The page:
She can also be found blogging at  

Monday, March 4, 2013

Let's "Whey" The Protein Benefits

As you walk into the Vitamin Shop or GNC there are walls stacked with supplements, natural vitamins, whey protein, casein protein, soy protein and the protein powders that broadcast their benefits to putting on more muscle mass & enhance your performance. You then grab a random protein container, turning to the nutrition panel and a list of 20+ vitamins, minerals, long amino acid names...

Overwhelmed with what to buy, you ask yourself, "what protein is what?" 

Before we look into whey protein supplement, let's take a quick glance at some of the general functions that protein has within the body. 

1. It helps provide structure for your bones, teeth and skin (especially the collagen within your skin)
2. It's part of enzymes used to catalyze chemical reactions in metabolism 
3. In the cell membrane, it aids in bringing glucose within the cell to provide energy 
4. In movement, it builds the muscle fibers actin and myosin 
5. It also helps in immunity as part of the antibodies to fighting infections

WOW... who knew protein did more then just build muscle! After doing some research to understand some of the uses of whey protein specifically,  I used references from my advanced nutrition text book and journal articles to understand what whey protein is, when to use it and if it has any benefits to increase strength and muscle mass in strength training.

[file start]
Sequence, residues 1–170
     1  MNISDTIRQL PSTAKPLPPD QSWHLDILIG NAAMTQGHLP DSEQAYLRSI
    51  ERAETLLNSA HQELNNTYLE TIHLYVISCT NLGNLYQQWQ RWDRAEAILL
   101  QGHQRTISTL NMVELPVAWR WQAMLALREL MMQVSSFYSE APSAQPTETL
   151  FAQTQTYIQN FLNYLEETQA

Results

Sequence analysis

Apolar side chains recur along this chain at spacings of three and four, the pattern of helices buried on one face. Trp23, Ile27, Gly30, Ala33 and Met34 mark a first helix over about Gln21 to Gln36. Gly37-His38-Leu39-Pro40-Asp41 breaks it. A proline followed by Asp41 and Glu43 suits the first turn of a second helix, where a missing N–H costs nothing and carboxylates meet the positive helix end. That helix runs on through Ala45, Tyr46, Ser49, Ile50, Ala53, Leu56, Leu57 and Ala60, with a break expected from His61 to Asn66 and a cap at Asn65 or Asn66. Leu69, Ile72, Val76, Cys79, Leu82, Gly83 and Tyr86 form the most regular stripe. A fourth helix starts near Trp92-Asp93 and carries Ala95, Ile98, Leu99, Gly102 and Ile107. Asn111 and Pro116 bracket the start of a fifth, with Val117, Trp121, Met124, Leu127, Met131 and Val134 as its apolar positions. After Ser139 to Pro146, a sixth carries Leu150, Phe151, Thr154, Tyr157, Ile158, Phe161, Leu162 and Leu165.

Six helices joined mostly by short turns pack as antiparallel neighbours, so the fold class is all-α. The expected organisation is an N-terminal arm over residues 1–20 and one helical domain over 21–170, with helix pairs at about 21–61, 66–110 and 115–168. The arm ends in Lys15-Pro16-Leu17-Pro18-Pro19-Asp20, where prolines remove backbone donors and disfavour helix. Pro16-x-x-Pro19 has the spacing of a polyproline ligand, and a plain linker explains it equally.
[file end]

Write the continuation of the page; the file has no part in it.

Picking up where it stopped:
Now to answer the question, "What is Whey Protein & What Does It Do?" 
Whey protein, also known as the "fast" protein due to it's quick delivery to the muscles, contains all the essential amino acids required for a daily diet that can enhance athletic performance and improve body composition. It provides the body with branched chain amino acids (BCAA), which for athletes, means BCAA's are the first ones used during exercise and resistance training. Lastly, thanks to the antioxidant glutathione, it  promotes a healthy immune system!

In the gym you see guys/gals with their shake bottles that contain added whey protein smoothie blended with chocolate powder and a banana, yielding a protein rich treat (it really does taste good, too!). As I'm running on the treadmill, I observed that some were consuming about 16 oz of this protein drink within 30 minutes after their work-out. Curious as to why, I came up with these discoveries in my research: